Posts Tagged magical realism

Naked Mole Rat Saves the World by Karen Rivers

Ever read the title of a book and know instantly that you must find out more about the story?

When I first saw the title of our next spotlight, I couldn’t help being filled with all sorts of questions. What’s up with this mole rat? Why did the day have to be saved? And how does he do it?

And wait! A mole rat?

Haha! I know. I’m being a little overly dramatic, but this goes to show how much value a title can hold. Let’s meet this mole rat.

Can Kit’s super-weird superpower save her world?

Kit-with-a-small-k is navigating middle school with a really big, really strange secret: When she’s stressed, she turns into a naked mole rat.

It first happened after kit watched her best friend, Clem, fall and get hurt during an acrobatic performance on TV. Since then, the transformations keep happening—whether kit wants them to or not. Kit can’t tell Clem about it, because after the fall, Clem just hasn’t been herself. She’s sad and mad and gloomy, and keeping a secret of her own: the real reason she fell.

A year after the accident, kit and Clem still haven’t figured out how to deal with all the ways they have transformed—both inside and out. When their secrets come between them, the best friends get into a big fight. Somehow, kit has to save the day, but she doesn’t believe she can be that kind of hero. Turning into a naked mole rat isn’t really a superpower. Or is it?

“A warm coming-of-age story populated with a cast of memorable characters.”
—Kirkus Reviews

The book releases on October 15, 2019 by Algonquin.

 

It’s wonderful to have you visit us here again, Karen. Welcome!

Kit is such an intriguing and endearing character. What characteristics did you know you had to include within her?

Kit, like most of my characters, came to me fully formed as herself, right from the beginning. I knew she had to be stronger than she knew, but I also knew that she was going to have occasionally overwhelming anxiety herself, that would be secondary (in her mind) to her mum’s more paralyzing version. I also wanted her to be brave, in particular brave to be herself, even when others might think it’s “weird” (to rollerskate, to believe in magic, to tie ribbons to trees in the park, to blow bubbles). And I knew she would be funny, of course.

Just hearing you describe her in your own words makes me like her even more.

We all know how important it is for young readers to relate to the characters they read. How will young readers relate to Kit?

I think a lot of kids around the age that kit is in the book are on the cusp of young adulthood, while also still wanting to stay kids. Kit very much wants to hold on to her kid-like qualities. I know some kids like this, who feel like they are being left behind because their friends are more like teenagers already, even when they aren’t quite ready.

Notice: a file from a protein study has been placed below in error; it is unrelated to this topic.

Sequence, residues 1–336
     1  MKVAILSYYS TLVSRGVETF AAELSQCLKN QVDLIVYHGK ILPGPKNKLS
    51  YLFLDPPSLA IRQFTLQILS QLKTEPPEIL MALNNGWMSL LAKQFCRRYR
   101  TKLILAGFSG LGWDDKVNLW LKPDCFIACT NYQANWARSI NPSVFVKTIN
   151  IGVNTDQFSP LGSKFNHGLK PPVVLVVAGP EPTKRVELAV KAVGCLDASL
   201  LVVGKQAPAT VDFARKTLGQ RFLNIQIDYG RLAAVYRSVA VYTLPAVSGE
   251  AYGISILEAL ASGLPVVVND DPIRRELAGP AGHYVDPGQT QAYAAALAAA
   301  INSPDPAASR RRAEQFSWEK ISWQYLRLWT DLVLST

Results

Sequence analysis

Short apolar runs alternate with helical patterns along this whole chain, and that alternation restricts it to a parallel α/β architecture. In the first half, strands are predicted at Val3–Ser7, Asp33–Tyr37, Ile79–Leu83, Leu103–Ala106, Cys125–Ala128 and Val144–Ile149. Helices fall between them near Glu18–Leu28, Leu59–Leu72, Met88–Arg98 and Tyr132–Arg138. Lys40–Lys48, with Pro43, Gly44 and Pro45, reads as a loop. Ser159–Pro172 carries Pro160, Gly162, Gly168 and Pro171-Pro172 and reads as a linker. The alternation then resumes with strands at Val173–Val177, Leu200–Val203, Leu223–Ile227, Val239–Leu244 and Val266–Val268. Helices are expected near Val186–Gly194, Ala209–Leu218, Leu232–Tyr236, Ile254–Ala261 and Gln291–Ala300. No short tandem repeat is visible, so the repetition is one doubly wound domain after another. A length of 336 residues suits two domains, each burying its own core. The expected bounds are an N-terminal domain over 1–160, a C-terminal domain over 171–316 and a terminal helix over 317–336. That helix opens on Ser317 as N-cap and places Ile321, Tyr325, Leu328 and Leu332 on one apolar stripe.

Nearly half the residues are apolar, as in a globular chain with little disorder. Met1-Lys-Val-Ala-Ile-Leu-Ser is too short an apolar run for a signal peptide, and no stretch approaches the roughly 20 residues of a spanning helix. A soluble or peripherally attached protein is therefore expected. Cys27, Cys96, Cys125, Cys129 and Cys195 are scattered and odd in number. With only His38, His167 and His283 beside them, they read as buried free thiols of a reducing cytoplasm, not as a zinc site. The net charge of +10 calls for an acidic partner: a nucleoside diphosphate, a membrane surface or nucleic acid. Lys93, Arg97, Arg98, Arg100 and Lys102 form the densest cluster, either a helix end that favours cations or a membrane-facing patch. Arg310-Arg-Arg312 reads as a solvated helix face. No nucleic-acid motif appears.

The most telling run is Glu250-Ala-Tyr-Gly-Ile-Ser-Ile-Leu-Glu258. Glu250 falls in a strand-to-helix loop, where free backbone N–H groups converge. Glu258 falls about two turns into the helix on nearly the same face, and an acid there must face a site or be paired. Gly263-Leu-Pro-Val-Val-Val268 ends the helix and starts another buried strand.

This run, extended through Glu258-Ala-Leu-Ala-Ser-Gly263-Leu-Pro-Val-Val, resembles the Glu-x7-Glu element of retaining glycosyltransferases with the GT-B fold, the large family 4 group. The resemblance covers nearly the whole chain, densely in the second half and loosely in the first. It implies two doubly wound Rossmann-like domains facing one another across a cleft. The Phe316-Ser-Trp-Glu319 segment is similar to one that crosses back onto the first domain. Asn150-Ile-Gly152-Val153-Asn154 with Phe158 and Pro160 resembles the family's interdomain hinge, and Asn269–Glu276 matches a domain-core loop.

That’s a very important reality during the transformation between tween and teen, and it’s not talked about enough. Glad you’ve mentioned it here. What is your favorite part of the world you’ve created for Kit and why?

I love the magic more than anything — all of it, from the literal to the metaphorical. I also love the way both kit and Clem find their power in surprising ways. Both of them are exploring the scarier, darker sides of their realities in these brave and surprising ways.

Was there anything about Kit that surprised you?

When I started writing, I didn’t realize that sometimes she was going to be angry or that she was going to show her anger on the page, that she could be unforgiving. I happen to have a twelve year old of my own now (although she was younger when I was writing this story) and this ability to flip back and forth between joy and fury turns out to be very real. It felt true on the page, too, but I hadn’t necessarily anticipated it.

Would you have been friends with Kit as a middle schooler?

Oh, definitely. She’s kind and fierce and funny and loyal AND she roller skates!

She definitely sounds like fun! What’s the most important element from this story you hope readers take with them once they’ve finished the book?

That everyone has something going on beyond the version of themselves that they present and that you see at school. You don’t have to scratch the surface very deeply to realize that we all have many, many layers. You never know what someone else is going through, and you definitely can easily underestimate what they are capable of if you forget to look beyond their outward appearance. And of course it’s also a book about forgiveness, about acknowledging that not everyone always does the right thing.

Another hidden truth during those middle grade years. Thank you for sharing your thoughts about Kit and Clem’s story and for helping young readers explore who they are through them. All the best from your Mixed-Up Files family . . .

Karen Rivers’s books have been nominated for a wide range of literary awards and have been published in multiple languages. When she’s not writing, reading, or visiting schools, she can usu­ally be found hiking in the forest that flourishes behind her tiny old house in Victoria, British Columbia, where she lives with her two kids, two dogs, and two birds.

Find her online at karenrivers.com and on Twitter: @karenrivers.

 

Interview with Bone, Main Character of Lingering Echoes by Author Angie Smibert & a Giveaway!